The U.S. dollar index rose for a second straight session on Monday, resuming its rebound from its lowest level since April 2018 hit two weeks ago, after a report indicating the U.S. would not target a weak dollar. 

The dollar index traded higher at 90.88, the highest level in four weeks, after advancing over the past couple of week from a low of 89.15. 

A report by the Wall Street Journal indicated that Treasury Secretary Janet Yellen would affirm her country’s discipline not weaken the greenback to win a competitive edge in trade during, according to Biden transition officials familiar with her hearing preparation. 

Over the past two weeks, the dollar got support from the rising Treasury yields on prospects of massive fiscal stimulus after Democrats won the majority of both Chambers of the Congress. However, a slim majority in the Senate could hinder the approval of Biden’s fiscal plan, which includes additional $1400 checks to Americans affected by the pandemic.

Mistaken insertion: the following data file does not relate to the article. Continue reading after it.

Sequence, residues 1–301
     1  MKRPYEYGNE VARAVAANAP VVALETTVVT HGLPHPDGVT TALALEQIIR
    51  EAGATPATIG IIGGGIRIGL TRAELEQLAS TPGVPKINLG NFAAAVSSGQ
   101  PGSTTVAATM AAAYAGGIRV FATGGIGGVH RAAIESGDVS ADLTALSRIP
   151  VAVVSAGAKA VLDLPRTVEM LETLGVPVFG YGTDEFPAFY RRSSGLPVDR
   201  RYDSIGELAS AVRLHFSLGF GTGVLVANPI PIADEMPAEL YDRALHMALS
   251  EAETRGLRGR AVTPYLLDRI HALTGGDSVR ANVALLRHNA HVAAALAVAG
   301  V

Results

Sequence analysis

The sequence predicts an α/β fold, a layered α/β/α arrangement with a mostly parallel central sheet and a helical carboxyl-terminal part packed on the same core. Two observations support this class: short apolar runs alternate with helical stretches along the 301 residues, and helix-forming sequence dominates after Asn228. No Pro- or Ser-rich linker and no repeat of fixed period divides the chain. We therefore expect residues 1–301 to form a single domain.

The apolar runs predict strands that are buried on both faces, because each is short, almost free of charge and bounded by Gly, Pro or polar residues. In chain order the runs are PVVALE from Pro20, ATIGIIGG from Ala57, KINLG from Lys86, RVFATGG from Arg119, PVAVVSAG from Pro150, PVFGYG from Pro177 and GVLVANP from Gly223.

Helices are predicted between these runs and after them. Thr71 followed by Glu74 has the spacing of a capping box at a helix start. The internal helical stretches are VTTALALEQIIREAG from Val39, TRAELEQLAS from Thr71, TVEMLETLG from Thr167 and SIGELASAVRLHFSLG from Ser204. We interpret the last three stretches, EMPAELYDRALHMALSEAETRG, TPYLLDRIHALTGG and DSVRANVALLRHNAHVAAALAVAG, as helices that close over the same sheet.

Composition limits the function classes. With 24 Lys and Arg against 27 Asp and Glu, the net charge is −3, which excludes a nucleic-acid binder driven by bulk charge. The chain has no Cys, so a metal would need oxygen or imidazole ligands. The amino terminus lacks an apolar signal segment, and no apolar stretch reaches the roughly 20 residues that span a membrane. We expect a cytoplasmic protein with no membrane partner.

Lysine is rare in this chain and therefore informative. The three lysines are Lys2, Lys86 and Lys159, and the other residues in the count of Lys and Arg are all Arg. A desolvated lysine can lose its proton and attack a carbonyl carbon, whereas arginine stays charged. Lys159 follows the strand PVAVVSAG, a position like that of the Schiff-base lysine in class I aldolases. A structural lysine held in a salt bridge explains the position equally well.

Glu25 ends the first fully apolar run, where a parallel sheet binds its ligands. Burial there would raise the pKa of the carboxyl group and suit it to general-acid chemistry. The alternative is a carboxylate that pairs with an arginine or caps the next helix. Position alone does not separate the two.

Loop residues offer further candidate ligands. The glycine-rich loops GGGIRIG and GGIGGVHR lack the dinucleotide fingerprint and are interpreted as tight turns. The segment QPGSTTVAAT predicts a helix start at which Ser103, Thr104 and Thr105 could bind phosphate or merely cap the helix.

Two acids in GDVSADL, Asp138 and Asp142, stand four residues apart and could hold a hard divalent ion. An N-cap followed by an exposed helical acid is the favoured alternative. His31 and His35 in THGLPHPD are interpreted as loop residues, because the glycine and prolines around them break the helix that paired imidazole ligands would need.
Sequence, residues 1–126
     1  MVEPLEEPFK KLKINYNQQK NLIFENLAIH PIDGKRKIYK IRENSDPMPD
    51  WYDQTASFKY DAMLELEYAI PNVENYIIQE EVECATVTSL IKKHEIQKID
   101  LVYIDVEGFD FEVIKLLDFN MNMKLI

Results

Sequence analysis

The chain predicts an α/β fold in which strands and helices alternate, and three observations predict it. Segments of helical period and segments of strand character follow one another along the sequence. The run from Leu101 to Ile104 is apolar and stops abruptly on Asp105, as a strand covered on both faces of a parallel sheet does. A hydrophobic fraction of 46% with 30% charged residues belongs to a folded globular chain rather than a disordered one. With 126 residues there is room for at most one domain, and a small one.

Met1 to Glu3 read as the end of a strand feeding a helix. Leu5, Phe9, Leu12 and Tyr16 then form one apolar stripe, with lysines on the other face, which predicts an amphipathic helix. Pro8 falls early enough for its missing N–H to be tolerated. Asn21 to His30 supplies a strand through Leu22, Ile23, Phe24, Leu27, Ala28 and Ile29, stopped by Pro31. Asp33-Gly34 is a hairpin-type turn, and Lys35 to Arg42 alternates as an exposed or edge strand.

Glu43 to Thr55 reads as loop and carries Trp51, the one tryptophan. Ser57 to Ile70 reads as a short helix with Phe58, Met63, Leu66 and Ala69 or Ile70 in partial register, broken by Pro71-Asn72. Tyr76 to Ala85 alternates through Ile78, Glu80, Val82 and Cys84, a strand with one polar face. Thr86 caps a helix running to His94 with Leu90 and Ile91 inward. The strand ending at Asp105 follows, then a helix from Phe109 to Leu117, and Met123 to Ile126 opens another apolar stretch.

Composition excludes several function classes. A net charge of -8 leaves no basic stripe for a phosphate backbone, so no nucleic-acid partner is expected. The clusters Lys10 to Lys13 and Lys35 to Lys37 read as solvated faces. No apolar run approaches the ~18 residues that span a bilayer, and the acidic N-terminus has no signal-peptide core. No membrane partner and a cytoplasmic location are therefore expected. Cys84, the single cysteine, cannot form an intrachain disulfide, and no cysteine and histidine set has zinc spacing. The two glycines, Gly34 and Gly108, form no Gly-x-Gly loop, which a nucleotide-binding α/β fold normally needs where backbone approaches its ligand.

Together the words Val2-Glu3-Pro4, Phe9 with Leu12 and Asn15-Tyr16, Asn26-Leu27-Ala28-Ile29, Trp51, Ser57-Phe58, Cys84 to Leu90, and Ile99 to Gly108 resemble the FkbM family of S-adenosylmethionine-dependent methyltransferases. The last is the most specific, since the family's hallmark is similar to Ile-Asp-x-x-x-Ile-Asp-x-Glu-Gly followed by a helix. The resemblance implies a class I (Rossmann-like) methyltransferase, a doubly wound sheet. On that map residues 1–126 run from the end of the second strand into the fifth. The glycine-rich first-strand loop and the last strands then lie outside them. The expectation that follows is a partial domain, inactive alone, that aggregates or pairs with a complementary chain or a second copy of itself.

Regarding the market sentiment, while the upbeat Chinese GDP figures, which showed the world’s second biggest economy expanded 6.5% in the fourth quarter from a year earlier, surpassing forecasts of 6.2% expansion, managed to improve the sentiment, still there are concerns form the elevating new corona cases worldwide. 

In China, more than 29 million are in lockdown as China reported more than 100 new cases for the sixth consecutive day, with 109 new cases for Sunday. 

Markets may witness a light trading by investors as U.S. equity and bond markets are closed on Monday for the Martin Luther King Jr. holiday.

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